WILMINGTON, Del., July 21 (UPI) -- The man who holds a controlling interest in global newspaper group Hollinger International wants a shareholder vote on plans to sell the London Telegraph.
Conrad Black, who owns most of Hollinger's voting shares, has filed a document in U.S. federal court demanding plans to sell the Telegraph for $1.33 billion be put to a shareholder vote, the Sun-Times reported Wednesday.
Black's brief says because Hollinger International is essentially a one-newspaper group, the Telegraph sale would amount to selling "substantially all" of the company.
His brief reflects his desire to halt the sale, something he cannot do through normal channels because a court has frozen his voting shares. That action stemmed from charges that Black and associates looted Hollinger International.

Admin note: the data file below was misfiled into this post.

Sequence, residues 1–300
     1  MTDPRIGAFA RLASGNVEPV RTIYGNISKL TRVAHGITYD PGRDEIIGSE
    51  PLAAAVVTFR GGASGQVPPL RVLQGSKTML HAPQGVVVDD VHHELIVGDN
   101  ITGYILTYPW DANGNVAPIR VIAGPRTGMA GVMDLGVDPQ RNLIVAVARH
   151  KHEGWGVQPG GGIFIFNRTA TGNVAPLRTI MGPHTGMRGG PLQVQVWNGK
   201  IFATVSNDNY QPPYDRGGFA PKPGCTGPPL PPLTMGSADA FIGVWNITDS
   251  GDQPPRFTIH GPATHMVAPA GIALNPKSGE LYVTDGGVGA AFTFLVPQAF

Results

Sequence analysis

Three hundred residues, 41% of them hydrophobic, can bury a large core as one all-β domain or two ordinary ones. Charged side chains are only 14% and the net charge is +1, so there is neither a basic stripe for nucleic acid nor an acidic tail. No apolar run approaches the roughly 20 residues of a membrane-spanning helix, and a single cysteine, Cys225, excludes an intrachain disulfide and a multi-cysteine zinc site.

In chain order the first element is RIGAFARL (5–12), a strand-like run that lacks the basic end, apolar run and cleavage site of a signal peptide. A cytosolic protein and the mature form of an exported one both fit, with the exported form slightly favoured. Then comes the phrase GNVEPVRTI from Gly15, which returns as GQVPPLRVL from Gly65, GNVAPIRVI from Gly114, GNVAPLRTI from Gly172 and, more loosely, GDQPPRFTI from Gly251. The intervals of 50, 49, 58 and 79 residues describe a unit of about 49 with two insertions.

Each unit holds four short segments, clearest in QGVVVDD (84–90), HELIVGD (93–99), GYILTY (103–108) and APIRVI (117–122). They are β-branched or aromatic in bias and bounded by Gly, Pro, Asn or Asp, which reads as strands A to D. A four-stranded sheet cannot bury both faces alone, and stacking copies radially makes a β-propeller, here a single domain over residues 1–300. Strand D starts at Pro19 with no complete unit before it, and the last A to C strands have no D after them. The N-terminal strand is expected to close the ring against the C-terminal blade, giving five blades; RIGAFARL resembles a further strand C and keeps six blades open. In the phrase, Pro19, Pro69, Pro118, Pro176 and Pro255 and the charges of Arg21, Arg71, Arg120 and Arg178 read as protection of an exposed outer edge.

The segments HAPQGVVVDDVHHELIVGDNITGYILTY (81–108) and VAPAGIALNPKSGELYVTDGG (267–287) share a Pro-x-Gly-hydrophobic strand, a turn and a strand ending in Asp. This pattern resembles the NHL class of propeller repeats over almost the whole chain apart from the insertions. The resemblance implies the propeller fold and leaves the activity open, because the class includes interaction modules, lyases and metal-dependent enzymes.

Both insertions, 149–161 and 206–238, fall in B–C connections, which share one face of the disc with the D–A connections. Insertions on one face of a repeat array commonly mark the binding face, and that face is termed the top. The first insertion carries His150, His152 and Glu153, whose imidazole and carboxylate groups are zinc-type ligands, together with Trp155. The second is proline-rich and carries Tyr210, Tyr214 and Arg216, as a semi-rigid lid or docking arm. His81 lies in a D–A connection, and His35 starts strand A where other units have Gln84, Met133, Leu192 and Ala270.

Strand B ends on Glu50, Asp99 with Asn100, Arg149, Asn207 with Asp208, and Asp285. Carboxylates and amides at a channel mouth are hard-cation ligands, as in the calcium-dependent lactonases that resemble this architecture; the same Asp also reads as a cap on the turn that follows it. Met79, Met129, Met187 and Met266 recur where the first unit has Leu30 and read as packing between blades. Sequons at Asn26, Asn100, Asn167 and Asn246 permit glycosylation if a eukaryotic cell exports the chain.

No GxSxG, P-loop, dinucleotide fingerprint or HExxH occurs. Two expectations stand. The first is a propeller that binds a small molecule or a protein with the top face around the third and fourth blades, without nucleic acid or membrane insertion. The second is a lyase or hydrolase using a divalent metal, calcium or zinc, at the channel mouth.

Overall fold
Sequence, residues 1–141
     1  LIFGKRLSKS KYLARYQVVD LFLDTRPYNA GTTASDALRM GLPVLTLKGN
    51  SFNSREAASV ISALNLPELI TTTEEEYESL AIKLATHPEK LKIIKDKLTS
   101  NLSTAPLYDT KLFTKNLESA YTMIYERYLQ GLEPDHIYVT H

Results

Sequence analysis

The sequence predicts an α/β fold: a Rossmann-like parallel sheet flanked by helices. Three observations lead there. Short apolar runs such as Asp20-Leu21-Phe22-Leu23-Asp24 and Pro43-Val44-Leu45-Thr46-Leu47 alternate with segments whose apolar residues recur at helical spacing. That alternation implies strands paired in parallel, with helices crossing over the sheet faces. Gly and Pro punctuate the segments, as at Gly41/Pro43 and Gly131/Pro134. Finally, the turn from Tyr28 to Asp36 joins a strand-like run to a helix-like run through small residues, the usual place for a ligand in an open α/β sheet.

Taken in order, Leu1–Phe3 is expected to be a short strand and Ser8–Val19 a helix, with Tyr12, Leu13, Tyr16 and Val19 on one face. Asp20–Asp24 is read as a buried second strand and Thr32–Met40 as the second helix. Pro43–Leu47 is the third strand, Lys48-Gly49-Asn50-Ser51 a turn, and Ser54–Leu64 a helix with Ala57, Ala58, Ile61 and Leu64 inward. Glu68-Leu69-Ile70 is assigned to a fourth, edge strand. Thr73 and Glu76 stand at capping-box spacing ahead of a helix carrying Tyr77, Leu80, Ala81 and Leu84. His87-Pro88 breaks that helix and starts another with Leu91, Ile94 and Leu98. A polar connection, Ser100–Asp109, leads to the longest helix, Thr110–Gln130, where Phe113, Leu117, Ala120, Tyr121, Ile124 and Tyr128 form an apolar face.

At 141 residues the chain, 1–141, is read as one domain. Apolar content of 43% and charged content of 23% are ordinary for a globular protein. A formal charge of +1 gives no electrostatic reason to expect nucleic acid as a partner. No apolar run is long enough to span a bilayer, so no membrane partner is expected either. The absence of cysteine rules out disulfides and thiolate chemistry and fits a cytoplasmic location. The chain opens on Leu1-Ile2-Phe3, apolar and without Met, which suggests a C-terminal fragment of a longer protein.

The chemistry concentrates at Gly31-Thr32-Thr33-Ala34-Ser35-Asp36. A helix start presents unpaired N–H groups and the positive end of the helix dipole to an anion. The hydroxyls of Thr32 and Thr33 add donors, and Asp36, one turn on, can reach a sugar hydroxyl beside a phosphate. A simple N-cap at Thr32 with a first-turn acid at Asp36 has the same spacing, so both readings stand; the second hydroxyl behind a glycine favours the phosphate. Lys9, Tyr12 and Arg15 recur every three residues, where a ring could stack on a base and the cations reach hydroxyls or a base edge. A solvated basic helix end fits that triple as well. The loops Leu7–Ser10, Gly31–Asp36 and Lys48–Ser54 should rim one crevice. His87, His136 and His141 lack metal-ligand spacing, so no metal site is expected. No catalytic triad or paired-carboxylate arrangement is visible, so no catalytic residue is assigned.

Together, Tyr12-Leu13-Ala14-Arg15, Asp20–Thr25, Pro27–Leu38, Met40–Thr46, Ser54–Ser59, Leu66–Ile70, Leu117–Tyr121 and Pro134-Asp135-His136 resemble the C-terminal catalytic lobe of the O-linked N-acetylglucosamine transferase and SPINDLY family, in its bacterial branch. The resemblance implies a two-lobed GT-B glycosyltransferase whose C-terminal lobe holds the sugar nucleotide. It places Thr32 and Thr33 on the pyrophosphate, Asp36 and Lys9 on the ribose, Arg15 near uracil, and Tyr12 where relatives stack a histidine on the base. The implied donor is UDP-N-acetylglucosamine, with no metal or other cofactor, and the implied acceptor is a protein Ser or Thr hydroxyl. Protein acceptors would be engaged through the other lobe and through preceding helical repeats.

Anticipating arguments that the Chicago Sun-Times is also a major asset, Black ripped the newspaper as "second-place" in a two-newspaper town and "racked by circulation issues."
The Sun-Times noted circulation problems arose while Black ran the company and that in 1994 Black told Canada's Financial Post, "We feel it's a quality paper. It is quite profitable, and we're getting it, really, for not an awful lot of money."